What U.S. Energy Companies Can Learn From European Utilities


Over the past few years, the energy market has been abuzz with new and disruptive technology, renewable breakthroughs and other advancements that have changed how consumers engage with and purchase energy.

However, redesigning large, complex organizations from the inside out is a difficult task. But the U.S. doesn’t have to look any further than the European market as a good example of embracing innovation to meet customer trends and disruption. While we can learn a lot from the European utility market, comparing U.S. and European utility scenes isn’t necessarily easy. There are key differences in market design that make this comparison tricky, most of which center around consumer choice.

Simply put, I’ve noticed that choosing an energy provider in Europe is similar to choosing a cell phone carrier in the U.S.; the EU allows European residents to switch providers, and the European Parliament may soon approve rules allowing European residents to switch to another provider within 24 hours. Since this means facing the risk of losing customers daily, European utilities must place more emphasis on customer retention through engagement. This model encourages a culture of customer engagement and consumer choice.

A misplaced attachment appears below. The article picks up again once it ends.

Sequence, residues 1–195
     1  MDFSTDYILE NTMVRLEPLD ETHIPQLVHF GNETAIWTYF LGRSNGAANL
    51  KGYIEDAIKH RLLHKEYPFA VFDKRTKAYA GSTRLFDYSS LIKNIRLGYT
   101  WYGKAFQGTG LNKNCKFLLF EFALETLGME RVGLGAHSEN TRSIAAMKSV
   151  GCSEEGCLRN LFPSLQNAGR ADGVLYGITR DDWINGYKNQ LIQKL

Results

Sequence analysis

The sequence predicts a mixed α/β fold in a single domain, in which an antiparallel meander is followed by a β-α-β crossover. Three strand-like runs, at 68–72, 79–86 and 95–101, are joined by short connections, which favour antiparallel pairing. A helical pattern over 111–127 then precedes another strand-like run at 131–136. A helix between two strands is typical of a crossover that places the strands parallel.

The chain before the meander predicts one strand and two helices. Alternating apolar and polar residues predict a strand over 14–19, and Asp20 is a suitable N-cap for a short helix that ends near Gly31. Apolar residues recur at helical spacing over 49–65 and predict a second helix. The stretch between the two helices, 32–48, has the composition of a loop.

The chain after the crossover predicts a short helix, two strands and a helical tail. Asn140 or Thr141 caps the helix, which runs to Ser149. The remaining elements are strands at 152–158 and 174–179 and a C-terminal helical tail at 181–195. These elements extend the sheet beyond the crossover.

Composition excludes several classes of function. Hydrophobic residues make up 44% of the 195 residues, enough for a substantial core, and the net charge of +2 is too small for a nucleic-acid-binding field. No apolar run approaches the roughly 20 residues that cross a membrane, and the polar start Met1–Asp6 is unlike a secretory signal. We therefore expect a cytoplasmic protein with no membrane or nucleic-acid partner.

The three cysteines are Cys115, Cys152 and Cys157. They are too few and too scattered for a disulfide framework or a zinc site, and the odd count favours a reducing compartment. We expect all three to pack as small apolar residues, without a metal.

While the U.S. utility infrastructure might not shift dramatically any time soon, especially in ways that exactly mimic European ones, we are still seeing drastic shifts on which utilities can capitalize. Adapting to these new forms of technology and models by using tactics similar to what we’ve seen in Europe could be pivotal to a utility’s survivability, customer retention, and — in some cases — better definition of long-term renewable energy goals.

Here are a few items I think we can take from the European utility mindset based on my experience in the energy space.